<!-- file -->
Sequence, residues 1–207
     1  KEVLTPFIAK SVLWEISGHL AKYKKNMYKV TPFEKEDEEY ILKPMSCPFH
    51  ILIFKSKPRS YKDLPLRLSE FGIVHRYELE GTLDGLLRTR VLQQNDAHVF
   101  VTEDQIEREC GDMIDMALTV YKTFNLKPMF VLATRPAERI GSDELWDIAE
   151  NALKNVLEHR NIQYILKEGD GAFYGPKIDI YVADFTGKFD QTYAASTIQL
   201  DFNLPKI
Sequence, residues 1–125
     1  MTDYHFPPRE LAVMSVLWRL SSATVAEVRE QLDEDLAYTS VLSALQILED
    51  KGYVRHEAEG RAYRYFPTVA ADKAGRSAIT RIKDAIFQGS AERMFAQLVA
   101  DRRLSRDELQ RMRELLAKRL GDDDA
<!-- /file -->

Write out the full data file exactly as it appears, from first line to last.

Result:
Sequence, residues 1–207
     1  KEVLTPFIAK SVLWEISGHL AKYKKNMYKV TPFEKEDEEY ILKPMSCPFH
    51  ILIFKSKPRS YKDLPLRLSE FGIVHRYELE GTLDGLLRTR VLQQNDAHVF
   101  VTEDQIEREC GDMIDMALTV YKTFNLKPMF VLATRPAERI GSDELWDIAE
   151  NALKNVLEHR NIQYILKEGD GAFYGPKIDI YVADFTGKFD QTYAASTIQL
   201  DFNLPKI
Sequence, residues 1–125
     1  MTDYHFPPRE LAVMSVLWRL SSATVAEVRE QLDEDLAYTS VLSALQILED
    51  KGYVRHEAEG RAYRYFPTVA ADKAGRSAIT RIKDAIFQGS AERMFAQLVA
   101  DRRLSRDELQ RMRELLAKRL GDDDA